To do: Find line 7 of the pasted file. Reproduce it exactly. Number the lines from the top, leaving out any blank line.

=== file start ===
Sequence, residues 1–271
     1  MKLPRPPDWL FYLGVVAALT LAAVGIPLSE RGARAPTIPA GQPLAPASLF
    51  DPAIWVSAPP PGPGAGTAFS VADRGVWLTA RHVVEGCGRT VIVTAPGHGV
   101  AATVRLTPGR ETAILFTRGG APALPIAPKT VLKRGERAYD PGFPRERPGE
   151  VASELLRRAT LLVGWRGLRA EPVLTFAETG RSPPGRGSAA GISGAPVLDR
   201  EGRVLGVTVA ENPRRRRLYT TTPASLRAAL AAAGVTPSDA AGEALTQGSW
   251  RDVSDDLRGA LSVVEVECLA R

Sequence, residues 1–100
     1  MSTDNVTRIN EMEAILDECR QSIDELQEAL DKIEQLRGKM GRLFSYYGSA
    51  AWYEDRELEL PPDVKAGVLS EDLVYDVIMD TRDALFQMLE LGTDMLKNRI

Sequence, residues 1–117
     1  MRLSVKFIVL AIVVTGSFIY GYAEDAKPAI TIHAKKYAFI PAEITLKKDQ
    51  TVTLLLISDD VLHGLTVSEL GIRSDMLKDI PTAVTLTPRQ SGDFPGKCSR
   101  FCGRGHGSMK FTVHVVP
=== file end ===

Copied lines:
   251  RDVSDDLRGA LSVVEVECLA R